With "The Last Dance" documentary capturing millions of viewers' attention over the past few weeks, it's raised a lot of familiar debates. It's resurfaced the discussion around who's the GOAT, how players past and present would fare in different eras and which NBA dynasty is the greatest of all time.
When it comes to the best dynasty, the Chicago Bulls teams in the '90s are typically held as the gold standard. They were shortly followed by the Kobe Bryant and Shaquille O'Neal-led Los Angeles Lakers, which won three titles in a row (2000-02). From today's era, however, the Golden State Warriors are often considered the closest thing to those Bulls teams. While Miami Heat fans may point to the four straight NBA Finals appearances that resulted in two championships as being in the same conversation, former Miami All-Star Chris Bosh doesn't seem to think so.
During an Instagram Live Q&A on Tuesday, Bosh touched on a myriad of topics, including where he thought the "Heatles" stood in the pantheon of NBA dynasties.
"I was thinking about our place in the history of the game and all that stuff," Bosh said. "I even think the Warriors had more of a dynasty. I think ours was, you know the band Cream, from the UK? We're more like Cream. We'll come together. We'll play. We'll put this mega-thing together, four years, and four years only, baby. ... It was just a crazy time. It's crazy to even think I went through that."
For those rusty in their British rock band history, Cream, which was fronted by Rock and Roll Hall of Famer Eric Clapton, was only together for four years (1966-68) before the three members parted ways. It's actually a spot-on comparison for the Heat teams from 2010 to 2014. Not only did that their Big Three of LeBron James, Dwyane Wade and Bosh last for four years only, but Cream had just three band members, which could eerily symbolize the trio of stars Miami had.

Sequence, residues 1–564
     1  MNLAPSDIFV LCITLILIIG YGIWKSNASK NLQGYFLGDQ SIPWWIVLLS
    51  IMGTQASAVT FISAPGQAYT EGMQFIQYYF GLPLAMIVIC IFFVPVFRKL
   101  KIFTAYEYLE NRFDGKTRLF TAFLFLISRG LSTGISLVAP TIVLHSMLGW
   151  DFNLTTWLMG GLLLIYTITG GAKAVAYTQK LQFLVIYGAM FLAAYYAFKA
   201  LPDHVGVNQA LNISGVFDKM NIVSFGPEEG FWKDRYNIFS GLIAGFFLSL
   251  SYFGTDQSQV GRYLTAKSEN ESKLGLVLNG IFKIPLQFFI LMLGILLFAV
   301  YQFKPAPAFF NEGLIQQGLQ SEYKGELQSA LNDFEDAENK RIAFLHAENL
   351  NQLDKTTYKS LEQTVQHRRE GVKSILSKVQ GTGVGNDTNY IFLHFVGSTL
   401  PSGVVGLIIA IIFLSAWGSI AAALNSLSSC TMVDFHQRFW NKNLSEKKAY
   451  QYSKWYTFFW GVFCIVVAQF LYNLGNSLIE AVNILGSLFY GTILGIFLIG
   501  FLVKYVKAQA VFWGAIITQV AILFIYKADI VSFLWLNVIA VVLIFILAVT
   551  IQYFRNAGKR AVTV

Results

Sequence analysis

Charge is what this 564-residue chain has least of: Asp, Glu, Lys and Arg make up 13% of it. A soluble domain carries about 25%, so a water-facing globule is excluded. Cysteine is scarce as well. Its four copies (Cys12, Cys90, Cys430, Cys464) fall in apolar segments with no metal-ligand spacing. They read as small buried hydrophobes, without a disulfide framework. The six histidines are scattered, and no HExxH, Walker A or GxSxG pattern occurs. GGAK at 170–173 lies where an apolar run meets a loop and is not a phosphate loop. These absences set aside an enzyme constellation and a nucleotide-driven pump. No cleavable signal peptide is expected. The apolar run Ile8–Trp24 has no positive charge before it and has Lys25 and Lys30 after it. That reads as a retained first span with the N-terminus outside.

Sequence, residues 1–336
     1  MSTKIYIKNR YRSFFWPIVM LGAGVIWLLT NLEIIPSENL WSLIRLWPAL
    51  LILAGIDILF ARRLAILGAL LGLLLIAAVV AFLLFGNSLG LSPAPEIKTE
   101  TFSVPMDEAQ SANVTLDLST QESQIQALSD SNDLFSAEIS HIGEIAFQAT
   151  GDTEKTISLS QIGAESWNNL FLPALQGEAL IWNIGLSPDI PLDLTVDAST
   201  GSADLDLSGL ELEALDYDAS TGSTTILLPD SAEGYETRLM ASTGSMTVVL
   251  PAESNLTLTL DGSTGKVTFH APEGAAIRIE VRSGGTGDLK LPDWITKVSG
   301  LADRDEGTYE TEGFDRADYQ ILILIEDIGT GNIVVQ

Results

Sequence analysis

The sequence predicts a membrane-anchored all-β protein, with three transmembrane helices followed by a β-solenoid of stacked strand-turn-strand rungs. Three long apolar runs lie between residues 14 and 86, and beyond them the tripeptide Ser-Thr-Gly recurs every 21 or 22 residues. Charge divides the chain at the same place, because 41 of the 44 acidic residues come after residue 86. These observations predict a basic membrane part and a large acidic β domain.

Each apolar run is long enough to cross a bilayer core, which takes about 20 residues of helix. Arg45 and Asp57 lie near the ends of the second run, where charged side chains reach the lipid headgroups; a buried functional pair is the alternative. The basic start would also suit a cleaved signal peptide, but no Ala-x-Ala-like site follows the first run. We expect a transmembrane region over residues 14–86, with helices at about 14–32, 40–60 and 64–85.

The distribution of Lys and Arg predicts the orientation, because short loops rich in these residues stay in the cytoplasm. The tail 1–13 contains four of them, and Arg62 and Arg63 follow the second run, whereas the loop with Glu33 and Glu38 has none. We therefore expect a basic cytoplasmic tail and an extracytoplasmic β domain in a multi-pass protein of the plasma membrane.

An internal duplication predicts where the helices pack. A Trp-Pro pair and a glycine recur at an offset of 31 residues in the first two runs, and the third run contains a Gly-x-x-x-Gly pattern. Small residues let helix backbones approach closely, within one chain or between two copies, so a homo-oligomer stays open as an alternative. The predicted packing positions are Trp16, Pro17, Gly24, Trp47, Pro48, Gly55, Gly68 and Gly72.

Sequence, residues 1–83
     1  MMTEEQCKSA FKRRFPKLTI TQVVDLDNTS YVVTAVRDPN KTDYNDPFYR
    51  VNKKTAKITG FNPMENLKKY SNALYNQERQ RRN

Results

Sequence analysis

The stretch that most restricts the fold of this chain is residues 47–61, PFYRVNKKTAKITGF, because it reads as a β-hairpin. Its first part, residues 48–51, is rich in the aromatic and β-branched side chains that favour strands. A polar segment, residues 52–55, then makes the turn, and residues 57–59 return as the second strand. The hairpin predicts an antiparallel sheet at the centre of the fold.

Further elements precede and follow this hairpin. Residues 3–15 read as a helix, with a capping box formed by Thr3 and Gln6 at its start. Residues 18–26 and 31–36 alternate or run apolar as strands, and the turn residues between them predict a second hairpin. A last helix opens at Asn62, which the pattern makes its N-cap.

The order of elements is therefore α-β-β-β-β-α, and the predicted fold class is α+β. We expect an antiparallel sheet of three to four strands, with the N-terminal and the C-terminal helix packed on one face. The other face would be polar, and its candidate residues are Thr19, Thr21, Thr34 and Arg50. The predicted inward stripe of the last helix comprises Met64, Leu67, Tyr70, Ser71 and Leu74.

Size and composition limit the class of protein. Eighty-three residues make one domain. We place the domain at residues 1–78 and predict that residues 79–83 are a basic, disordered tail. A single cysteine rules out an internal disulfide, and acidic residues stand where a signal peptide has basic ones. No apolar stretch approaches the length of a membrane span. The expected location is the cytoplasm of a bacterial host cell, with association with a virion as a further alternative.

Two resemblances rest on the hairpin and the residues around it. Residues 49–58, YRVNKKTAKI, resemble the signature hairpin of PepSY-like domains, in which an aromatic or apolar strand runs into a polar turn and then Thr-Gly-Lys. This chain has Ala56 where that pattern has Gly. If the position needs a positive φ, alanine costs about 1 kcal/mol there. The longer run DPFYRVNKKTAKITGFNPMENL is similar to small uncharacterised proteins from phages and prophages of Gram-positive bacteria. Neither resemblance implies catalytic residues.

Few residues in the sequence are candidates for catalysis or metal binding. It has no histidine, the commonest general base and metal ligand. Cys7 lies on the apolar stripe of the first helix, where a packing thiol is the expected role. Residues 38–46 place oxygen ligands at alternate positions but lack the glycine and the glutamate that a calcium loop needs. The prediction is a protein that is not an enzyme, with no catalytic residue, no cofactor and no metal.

Bosh also isn't wrong in his assertion that the Warriors' dynasty should be held in higher regard than theirs. Despite the absolute spectacle that was Miami's Big Three, the Warriors have been dominant for longer, and have one more ring to show for it. If it weren't for injuries to Kevin Durant and Klay Thompson during the 2019 NBA Finals, the Warriors very well could've won a third straight title, becoming just the fifth team in NBA history to win three consecutive championships.
If James hadn't decided to go back home to the Cleveland Cavaliers after losing in the 2014 NBA Finals, perhaps Miami could've run it back a couple more years to win that third ring. Then maybe the Heat would be in the same conversation as the Warriors and Bulls. As Bosh notes, though, while it was a memorable time it eventually came to an end like the conclusion of a final world tour before everyone moves on.